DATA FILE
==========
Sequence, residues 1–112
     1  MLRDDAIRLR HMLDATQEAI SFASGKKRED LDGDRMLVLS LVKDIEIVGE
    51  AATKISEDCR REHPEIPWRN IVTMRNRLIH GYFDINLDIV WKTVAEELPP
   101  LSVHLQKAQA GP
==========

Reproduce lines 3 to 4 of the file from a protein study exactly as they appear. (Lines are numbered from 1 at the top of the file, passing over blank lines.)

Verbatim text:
    51  AATKISEDCR REHPEIPWRN IVTMRNRLIH GYFDINLDIV WKTVAEELPP
   101  LSVHLQKAQA GP